Doctor of Philosophy (PhD)


Biological Sciences

Document Type



Management of plant invasions using biological control has the potential to generate spatial patterns which reflect geographic or genetic variation in invader or control agents. Despite its rarity in practice, investigations into the biogeography of interacting species (i.e., plant invader and control agent) in the context of biological control can lend insights into species distribution-abundance patterns and provide predictions for spatial variation in control success. I explored spatial variability in biological control agent-plant interactions using two wetland weed study systems with large geographic distributions: flowering rush (Butomus umbellatus L.) and alligatorweed (Alternanthera philoxeroides (Mart.) Griseb). Through literature and database review, I found that geographic variability in biological control success is relatively common, and abiotic factors are more often implicated than biotic factors. For flowering rush, I explored whether genetic and geographic variation in susceptibility to fungal pathogens could cause variation in plant performance and biological control. I found that patterns of disease varied between flowering rush cytotypes in field (higher disease rates in diploid plants) and laboratory (higher disease impacts in triploid plants) studies and were spatially variable along a latitudinal gradient for triploid plants only. I hypothesized that variation in alligatorweed biological control among sites and seasons in Louisiana was due to variation in plant quality (foliar nitrogen; FN). Over four years, I found that FN varied among sites and seasonally, with peak FN in spring and fall. Foliar nitrogen decreased the duration of larval development across a range of temperatures and slightly reduced dispersal at moderate conspecific densities. Finally, I explored the role of weather on biological control of alligatorweed across an environmental (climate) gradient in Louisiana. Biological control agent mean and maximum density decreased with latitude, population variability increased, and host (alligatorweed) density increased with latitude, likely due to low agent abundance at higher latitudes. Agent phenology and variability were influenced by weather variables and better explained alligatorweed density than weather or beetle densities alone. By combining literature review on geographic variation in biological control success with complementary studies in the above systems, my work is an important addition to the invasion biology and biological control literature and lends insights into how a biogeographical approach can be applied to study biological control of plant invasions and make predictions about the success of future agents.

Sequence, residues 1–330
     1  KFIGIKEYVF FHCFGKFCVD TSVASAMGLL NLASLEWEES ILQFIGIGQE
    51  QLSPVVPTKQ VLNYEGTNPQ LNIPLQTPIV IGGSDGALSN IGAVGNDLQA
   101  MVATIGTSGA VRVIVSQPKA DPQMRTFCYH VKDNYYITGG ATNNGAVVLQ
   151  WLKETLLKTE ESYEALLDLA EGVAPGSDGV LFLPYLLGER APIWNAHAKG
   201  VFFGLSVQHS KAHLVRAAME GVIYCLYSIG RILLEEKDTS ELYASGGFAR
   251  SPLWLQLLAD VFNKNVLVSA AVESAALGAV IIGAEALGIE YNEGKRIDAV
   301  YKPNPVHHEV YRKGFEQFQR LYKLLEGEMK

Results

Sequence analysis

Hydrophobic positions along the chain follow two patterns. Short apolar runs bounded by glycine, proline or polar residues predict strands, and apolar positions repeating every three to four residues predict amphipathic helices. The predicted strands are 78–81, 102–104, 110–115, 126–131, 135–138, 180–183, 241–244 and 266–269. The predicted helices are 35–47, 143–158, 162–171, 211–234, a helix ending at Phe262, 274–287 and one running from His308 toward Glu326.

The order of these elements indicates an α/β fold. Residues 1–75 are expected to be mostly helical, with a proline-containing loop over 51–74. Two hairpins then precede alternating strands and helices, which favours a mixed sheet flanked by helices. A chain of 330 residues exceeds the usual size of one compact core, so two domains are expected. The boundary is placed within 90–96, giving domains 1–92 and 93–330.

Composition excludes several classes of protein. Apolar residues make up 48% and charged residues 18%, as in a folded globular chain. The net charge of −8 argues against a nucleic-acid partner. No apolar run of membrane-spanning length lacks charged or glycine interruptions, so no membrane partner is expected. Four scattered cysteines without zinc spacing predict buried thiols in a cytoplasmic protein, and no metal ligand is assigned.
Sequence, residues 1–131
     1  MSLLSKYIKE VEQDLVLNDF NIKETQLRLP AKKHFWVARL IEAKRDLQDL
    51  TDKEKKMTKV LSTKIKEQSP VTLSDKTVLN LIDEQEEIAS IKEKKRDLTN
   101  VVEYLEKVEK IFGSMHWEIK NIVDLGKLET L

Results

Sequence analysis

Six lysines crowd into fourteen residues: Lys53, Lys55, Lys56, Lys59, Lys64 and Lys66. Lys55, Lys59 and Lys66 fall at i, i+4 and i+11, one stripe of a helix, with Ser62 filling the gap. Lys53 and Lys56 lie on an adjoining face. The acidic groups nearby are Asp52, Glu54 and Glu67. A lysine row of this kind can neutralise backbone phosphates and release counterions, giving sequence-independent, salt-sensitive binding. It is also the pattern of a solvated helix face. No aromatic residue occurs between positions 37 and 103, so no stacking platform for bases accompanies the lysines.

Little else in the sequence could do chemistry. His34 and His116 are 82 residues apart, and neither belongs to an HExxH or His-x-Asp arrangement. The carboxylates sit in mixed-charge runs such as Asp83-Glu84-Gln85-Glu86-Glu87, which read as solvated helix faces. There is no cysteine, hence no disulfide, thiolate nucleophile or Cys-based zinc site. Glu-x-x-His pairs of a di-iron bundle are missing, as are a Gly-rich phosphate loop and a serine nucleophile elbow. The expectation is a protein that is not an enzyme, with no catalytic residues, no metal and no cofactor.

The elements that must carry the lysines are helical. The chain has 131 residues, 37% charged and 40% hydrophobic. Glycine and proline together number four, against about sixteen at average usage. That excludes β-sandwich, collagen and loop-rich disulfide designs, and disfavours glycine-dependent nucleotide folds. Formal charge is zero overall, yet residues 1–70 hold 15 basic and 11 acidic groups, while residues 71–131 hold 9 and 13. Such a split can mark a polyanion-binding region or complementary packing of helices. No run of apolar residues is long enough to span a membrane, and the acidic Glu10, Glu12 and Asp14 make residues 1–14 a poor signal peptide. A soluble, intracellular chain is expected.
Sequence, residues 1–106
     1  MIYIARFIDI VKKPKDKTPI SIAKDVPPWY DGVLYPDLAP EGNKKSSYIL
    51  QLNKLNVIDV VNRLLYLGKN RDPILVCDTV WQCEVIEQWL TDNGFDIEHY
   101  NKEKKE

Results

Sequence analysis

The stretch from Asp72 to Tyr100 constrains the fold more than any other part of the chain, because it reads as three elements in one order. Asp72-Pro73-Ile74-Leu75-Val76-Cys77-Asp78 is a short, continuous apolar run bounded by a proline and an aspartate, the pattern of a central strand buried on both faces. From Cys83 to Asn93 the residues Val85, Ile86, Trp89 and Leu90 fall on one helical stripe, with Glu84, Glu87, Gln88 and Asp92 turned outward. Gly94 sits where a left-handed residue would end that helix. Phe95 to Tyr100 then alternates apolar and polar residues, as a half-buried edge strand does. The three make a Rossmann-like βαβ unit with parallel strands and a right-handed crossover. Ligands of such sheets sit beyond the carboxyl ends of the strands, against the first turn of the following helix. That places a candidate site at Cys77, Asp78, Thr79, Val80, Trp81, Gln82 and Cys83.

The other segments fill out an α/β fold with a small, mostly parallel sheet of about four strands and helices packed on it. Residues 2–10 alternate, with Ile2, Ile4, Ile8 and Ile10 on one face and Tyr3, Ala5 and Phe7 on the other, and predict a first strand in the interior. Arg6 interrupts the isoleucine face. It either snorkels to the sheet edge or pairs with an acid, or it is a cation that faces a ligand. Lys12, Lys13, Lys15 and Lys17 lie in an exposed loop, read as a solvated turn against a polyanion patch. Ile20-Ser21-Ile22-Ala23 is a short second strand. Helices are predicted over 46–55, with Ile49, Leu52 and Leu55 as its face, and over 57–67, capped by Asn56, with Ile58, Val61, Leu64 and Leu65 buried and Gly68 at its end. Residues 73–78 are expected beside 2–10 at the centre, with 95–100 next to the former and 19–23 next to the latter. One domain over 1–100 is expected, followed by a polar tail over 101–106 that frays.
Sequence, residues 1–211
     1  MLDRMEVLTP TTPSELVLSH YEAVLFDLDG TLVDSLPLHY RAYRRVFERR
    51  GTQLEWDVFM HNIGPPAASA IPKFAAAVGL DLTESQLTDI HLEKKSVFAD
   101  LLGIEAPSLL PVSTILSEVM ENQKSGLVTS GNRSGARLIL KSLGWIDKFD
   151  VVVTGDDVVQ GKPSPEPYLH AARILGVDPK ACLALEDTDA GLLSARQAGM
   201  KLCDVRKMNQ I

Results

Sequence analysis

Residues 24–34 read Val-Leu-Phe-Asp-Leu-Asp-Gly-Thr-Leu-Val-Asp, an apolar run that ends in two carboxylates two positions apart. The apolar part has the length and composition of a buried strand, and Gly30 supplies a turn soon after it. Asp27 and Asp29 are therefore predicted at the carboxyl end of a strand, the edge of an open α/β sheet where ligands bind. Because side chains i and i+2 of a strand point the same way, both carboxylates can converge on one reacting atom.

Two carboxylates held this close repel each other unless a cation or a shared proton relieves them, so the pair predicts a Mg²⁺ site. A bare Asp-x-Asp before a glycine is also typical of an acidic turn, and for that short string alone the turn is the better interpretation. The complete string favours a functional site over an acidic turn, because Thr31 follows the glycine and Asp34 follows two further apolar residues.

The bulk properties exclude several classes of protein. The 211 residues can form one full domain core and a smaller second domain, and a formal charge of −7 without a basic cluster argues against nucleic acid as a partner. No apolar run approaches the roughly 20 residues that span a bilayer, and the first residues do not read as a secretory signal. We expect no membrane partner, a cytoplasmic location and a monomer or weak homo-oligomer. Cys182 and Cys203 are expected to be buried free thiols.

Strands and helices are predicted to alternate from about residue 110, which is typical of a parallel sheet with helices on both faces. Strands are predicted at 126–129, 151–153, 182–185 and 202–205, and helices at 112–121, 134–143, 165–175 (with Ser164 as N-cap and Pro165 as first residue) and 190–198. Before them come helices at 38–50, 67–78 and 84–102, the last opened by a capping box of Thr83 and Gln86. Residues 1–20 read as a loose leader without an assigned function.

Committee Chair

Cronin, James